Robert Durst, the New York real estate heir with headline-grabbing Texas connections, has opted to go to trial rather than accept 15 days in jail.
Durst was arrested Aug. 16 outside his Harlem home on a charge of trespassing at a relative’s midtown Manhattan brownstone in June, according to the Associated Press.
Earlier this week, prosecutors offered him a plea bargain of 15 days in jail in return for pleading guilty to the trespassing violation, but he turned it down.
His trial on the trespassing violation is scheduled to begin March 3, according to online New York court records.
According to the complaint filed at Durst’s arraignment, a security guard and custodian of three buildings in the 400 block of West 43rd Street in New York saw Durst on security camera footage June 2 at each building.
The footage showed Durst walking up the exterior stairs at one of the buildings, the complaint states.
The security guard said that in April, he had seen Durst “crouched behind a tree” at the same West 43rd Street residence. The guard told Durst at the time that he was not to have contact with the residents and was not allowed on their property.
Durst’s attorney, Steven Rabinowitz in New York, said Durst is being prosecuted because of his notoriety, rather than doing anything that amounts to trespass.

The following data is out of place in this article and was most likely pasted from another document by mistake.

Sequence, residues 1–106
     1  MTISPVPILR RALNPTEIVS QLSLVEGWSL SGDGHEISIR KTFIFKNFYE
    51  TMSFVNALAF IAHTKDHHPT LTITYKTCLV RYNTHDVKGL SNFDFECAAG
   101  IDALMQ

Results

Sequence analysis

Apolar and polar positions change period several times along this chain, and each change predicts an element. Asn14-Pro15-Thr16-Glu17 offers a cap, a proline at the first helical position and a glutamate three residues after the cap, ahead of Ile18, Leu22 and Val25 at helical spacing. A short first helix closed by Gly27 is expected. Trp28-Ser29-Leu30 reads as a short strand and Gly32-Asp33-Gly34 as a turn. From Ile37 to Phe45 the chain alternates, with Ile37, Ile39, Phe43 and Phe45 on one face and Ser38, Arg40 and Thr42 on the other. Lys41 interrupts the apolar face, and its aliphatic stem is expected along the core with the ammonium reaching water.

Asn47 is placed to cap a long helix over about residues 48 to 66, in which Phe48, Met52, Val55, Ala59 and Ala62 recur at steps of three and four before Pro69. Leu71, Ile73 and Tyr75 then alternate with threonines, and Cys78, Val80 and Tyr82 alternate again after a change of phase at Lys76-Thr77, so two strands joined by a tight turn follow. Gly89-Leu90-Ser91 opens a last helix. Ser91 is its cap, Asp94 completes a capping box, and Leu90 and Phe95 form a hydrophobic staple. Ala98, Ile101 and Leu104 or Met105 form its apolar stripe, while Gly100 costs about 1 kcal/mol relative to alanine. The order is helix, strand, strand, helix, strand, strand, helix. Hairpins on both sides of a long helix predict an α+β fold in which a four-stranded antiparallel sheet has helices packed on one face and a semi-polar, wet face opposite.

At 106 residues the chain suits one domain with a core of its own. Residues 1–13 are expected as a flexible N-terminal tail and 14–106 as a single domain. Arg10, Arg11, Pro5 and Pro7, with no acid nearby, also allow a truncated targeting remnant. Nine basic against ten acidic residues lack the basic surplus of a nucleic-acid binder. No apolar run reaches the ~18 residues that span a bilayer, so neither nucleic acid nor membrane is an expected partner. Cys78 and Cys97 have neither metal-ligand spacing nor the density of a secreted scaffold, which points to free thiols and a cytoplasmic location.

“The trespass charge he’s facing is based on nothing more than Bob briefly venturing partway up the stairs of a brownstone owned by his brother,” Rabinowitz said Thursday by email. “There’s no allegation that he committed any wrongful act during the 24 seconds he was on those stairs, nor even (that) he had any bad intentions. He’s being prosecuted merely because he had the temerity to wander from the sidewalk to the stairs.”
Rabinowitz said prosecutors have conceded that brownstones are open to the public under New York law.
“They only become off-limits when the property owner issues a clear warning to stay away,” the lawyer’s email stated.
More than a year before Durst’s Aug. 16 arrest, he was approached by one of his brother’s security guards while he was “minding his own business on a public sidewalk near the brownstone,” Rabinowitz said.
“The prosecution will claim that the guard told Bob to stay away from his brother Douglas, along with Douglas’ immediate family members and their property.”
Durst disputes the claim, his attorney said.
Moreover, the prosecution has no evidence and has not alleged that anyone told Durst the brownstone stairs were off-limits, Rabinowitz said.
“So unless Bob is going to be held to a different legal standard than everyone else in New York, he should be acquitted,” his lawyer’s email stated.
In a bizarre 2001 Galveston case, Durst was acquitted of murder despite admitting that he dismembered the body of his elderly neighbor Morris Black after shooting him during a struggle over a handgun.
He was arrested in December 2005 on a parole violation after witnesses reported seeing him in Galveston, outside the apartment building where Black’s slaying occurred. Under terms of his mandatory supervision, Durst was not allowed to be in Galveston.
He also made a visit to the Galleria and ran into Judge Susan Criss, who had presided at his 2003 trial.
By Carol Christian (Houston Chronicle)